encountered but as one starts with even a very mild tempo,
it builds up and gathers momentum. It's like starting an avalanche
by purposely kicking snow on a mountain slope; the difficulties
then seem to look feeble to the growing power that develops
within. There is an incident in Swami Vivekananda's life.
I was once travelling in the Himalayas and the long road stretched
before us...there was an old man with us. The way goes up
and down for hundreds of miles, and when that old monk saw
what was before him, he said, "Oh! Sir, how to cross
it; I cannot walk any more; my chest will break." I said
to him, "Look down at your feet." He did so, and
I said, "The road that is under your feet is the road
that you have passed over, is the same road that you see before
you; it will soon be under your feet." (6)
Nature of Awareness
used to working with tangibles one will cry out, 'Well, what
do we practise? And through what do we renounce?' The answer
might look ridiculous but it is a fact nonetheless - it is
awareness. One practises awareness and renounces the "excess
baggage" also through awareness. Awareness is a state
of mind. It is preceded by relaxation and followed by concentration,
ciharana, which flows into dhyana, meditation; this merges
into the lower Samadhi, which again culminates into the higher
and higher ones. Here, we shall try and look briefly at awareness
and how it becomes dharana. The word awareness is used
variously from mild attention to absorption. In order to clear
the decks for the explanation that follows, one must at first
shed the wrong idea that the contents of consciousness are
consciousness per se. Generally one notices only a
river flow by without noticing the "unseen river"
that is above in the form of water vapour and which is its
source. The contents of consciousness is the river; consciousness
is the unseen river. All studies like neurology, biology,
behavioral psychology, etc. trying to unravel the mystery
of consciousness commit this error. "Consciousness is
a mere film between two oceans of the sub-conscious and the
super-conscious.... I could not believe my own ears when I
heard Western people talking so much of consciousness! Why
it is nothing as compared with the unfathomable depths of
the sub-conscious and the heights of super-conscious! In this
I could never be misled, for had I not seen Ramakrishna Paramahamsa
gather in ten minutes, from a man's subconscious mind, the
whole of his past, and determine from that his future and
his powers?" (7)
Scope of Awareness
is enmeshed in complex psychological structures. Liberation
from these structures, releases vast amounts of energy that
transforms itself into creativity and spirituality. The famous
Descartean statement, cogito, ergo sum - I
think, therefore I am, (8) - to an adept in meditation
is so childish. For centuries people have gone into believing
that they exist only on the level of thought. There are immensely
greater depths in man, more meaningful, subtler, more pervasive
- suksbmatara, mahattara, pratyagatmabhuta.
(9) As you read these lines it is obvious that intruding thoughts
constantly disturb your awareness. It is also obvious that
these underlying autonomous thoughts of similar class, sajatiya,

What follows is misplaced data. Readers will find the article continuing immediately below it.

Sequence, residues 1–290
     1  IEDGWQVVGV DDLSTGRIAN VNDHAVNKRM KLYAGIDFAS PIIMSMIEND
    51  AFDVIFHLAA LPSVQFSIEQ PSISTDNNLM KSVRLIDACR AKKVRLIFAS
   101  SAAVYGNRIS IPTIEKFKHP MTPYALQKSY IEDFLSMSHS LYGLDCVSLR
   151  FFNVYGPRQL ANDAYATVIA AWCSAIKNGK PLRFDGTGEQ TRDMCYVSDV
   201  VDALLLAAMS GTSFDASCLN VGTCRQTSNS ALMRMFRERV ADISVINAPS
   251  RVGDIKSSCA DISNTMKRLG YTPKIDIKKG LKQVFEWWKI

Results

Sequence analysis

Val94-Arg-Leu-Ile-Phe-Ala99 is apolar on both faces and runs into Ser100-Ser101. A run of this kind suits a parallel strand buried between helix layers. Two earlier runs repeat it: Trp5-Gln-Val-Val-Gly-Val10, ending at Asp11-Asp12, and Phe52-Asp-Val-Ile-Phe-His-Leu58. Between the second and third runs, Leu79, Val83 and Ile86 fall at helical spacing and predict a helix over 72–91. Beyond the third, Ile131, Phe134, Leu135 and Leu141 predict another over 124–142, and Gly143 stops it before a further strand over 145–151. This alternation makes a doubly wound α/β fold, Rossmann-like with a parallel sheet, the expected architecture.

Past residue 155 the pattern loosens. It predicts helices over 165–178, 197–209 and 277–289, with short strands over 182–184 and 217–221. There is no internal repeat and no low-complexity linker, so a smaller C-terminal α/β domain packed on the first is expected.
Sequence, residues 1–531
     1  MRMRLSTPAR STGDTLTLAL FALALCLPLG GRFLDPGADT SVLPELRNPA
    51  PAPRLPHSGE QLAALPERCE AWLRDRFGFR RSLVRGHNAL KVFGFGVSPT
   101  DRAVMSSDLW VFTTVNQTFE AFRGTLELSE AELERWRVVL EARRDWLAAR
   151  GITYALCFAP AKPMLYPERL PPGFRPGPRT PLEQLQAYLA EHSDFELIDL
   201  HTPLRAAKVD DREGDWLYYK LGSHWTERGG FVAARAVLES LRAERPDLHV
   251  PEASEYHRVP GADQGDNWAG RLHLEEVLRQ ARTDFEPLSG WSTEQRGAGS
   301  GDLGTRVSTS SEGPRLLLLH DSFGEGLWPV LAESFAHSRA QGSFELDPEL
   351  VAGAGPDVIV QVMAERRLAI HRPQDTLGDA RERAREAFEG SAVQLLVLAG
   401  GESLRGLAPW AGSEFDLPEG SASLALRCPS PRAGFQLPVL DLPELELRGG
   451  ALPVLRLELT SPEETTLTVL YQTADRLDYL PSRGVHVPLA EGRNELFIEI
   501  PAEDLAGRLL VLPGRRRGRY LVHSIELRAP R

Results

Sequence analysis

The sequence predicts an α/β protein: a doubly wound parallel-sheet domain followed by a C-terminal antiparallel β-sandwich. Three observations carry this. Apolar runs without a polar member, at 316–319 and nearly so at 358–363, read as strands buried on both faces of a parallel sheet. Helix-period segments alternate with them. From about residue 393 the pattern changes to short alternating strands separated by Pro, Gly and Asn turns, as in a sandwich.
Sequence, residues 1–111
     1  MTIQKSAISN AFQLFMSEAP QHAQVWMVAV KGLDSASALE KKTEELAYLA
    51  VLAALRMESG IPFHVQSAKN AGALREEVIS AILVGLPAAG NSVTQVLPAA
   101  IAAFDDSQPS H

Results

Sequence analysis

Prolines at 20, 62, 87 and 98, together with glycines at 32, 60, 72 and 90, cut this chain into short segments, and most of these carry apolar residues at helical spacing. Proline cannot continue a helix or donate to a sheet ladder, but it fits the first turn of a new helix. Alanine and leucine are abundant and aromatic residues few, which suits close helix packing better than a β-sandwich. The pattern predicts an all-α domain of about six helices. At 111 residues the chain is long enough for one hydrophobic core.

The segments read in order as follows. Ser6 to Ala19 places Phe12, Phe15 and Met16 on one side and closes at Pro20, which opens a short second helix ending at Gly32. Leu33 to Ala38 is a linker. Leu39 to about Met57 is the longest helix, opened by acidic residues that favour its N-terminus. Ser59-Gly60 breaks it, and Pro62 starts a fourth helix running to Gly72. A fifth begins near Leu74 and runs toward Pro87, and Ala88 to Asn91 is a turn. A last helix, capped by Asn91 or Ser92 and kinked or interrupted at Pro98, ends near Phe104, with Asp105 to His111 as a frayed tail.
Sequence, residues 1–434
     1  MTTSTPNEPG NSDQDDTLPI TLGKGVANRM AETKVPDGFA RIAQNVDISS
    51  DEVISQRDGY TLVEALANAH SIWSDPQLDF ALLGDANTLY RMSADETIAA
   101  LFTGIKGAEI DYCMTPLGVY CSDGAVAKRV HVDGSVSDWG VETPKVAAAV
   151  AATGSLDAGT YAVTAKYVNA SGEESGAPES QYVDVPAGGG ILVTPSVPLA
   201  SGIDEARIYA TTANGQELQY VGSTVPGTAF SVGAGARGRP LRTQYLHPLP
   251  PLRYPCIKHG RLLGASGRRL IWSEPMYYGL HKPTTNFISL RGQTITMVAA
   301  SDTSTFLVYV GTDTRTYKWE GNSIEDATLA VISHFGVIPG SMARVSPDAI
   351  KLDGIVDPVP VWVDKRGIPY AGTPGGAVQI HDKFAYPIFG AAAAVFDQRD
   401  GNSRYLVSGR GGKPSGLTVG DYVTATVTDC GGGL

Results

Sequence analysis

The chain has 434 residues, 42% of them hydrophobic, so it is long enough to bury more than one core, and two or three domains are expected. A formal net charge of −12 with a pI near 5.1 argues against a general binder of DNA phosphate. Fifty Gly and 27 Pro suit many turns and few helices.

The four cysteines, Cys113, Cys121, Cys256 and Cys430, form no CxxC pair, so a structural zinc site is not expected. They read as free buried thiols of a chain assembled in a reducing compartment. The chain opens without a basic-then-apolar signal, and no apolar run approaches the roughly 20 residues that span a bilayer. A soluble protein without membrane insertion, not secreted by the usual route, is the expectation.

and contrasting class, wijatiya, (10) colour
what you understand by association of ideas and what you don't.
Taking the eyes away from this page and mulling over what
one has just read makes awareness discursive. It is also reactive;
every action presupposes reaction, to become aware of what
you just read makes this awareness reactive. Awareness is
in constant motion flitting from one point to another, it
is led by other thoughts and it succumbs to other mental states.
The very fact that one is aware of a train of thought being
broken by another proves that awareness is something distinct
from the chains.
Distinct State of Mind
branch of psychology which takes a mechanistic view of the
mind to study levels of attention or awareness, its span,
its deficiency, makes use of medical scanning machines like
MRI (magnetic resonance imaging), PET (positron emission tomography
- this records the glucose being metabolized in different
parts of the brain), to show how the brain processes give
rise to thoughts. Another method is to measure the electrical
discharge of the brain (called alpha, beta, theta and delta
waves), by placing electrodes around the head while performing
simple tasks like solving mathematical and linguistic problems,
painting, talking, even listening to music and sleeping. There
is of course a general agreement in the methodology but not
in the conclusions. These experiments make use of available
technology and the findings are always open to revalidation.
One popular experiment is to keep a few subjects sitting relaxed
and to record the brain-wave patterns in addition to the pulse,
heart rate, and muscle contractions along with body temperature.
This is done after flashing pictures, from a slide, on a screen,
one after another, with duration of a few seconds. As pictures
of trees, suburban houses, desert, city streets, old folks,
ill people, food, beautiful faces, etc are projected, each
picture evokes perceptible changes in the brain and bodily
rhythms of the subjects. But these are largely subjective,
determined by a person's background, economic and social status
and age. Hence each response is conditioned and cannot be
said to be purely objective. The important thing these experiments
prove at least to us is: awareness, as it was said above,
is a distinct mental state. This state of mind makes changes
in the circulatory, endocrine, neurological systems, in short,
the whole body.
is like a searchlight that makes any external object or internal